The health care deal struck by Canadas first ministers leaves the door wide open to private, for-profit care. In fact, the threat of privatization was never publicly addressed during the three-day meeting a fact that is striking, given three Qub0065c doctors very public announcement that they were leaving the public system to provide for-profit services. The doctors appear to have the provincial governments support.
While the deal provides stable, long-term funding for health care, it doesnt attach any conditions to the money. That gives provinces like Alberta, British Columbia and Ontario the green light to continue to privatize health services and build P3 hospitals. The deal doesnt hold the provinces accountable for health spending. Accountability measures could have helped expose the truth: private health care costs more, doesnt cut wait times, and provides poor-quality care.
Alberta Premier Ralph Klein, who didnt bother to attend most of the meeting, has reiterated his plans to forge ahead with more private care. Klein now says he will unveil a series of reforms after a provincial election expected this November. Interestingly, Prime Minister Paul Martin had nothing to say about this latest announcement.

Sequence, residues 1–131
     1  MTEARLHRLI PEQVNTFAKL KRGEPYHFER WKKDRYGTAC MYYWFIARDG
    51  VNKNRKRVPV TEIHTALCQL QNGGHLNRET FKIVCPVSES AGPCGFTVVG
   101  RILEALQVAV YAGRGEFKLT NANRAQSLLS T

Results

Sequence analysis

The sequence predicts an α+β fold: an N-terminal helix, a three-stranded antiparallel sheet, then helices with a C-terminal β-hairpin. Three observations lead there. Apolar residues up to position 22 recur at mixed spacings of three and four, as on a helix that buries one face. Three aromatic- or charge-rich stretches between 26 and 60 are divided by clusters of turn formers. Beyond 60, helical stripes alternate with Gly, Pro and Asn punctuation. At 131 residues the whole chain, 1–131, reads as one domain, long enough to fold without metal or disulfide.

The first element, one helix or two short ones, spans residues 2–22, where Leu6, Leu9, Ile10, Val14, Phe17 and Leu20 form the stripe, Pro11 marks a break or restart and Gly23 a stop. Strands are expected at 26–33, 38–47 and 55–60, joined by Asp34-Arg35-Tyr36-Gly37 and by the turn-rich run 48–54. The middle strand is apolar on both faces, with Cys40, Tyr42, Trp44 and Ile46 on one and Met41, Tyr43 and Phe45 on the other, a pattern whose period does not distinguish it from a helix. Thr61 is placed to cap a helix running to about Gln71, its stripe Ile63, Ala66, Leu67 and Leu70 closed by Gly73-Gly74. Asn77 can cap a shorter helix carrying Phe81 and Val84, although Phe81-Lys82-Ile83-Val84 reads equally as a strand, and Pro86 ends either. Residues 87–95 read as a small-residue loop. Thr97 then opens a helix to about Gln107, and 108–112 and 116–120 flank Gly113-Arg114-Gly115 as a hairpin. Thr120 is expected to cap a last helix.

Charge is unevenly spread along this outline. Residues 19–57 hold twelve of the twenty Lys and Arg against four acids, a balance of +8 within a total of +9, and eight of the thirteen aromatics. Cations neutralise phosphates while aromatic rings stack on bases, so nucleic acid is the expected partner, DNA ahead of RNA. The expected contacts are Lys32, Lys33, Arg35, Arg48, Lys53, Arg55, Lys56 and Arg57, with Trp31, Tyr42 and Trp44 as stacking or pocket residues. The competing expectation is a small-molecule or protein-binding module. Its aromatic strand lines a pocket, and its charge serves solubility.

Martin found in Klein a convenient target during the federal election. Martin cast himself as the defender of medicare, arguing that Klein and the federal Conservatives were plotting major privatization. The Liberal governments silence now speaks volumes.
You can read CUPEs analysis of the first ministers deal on the web at: www.cupe.ca/www/HealthCareMedicare/A_10year_plan_to_strength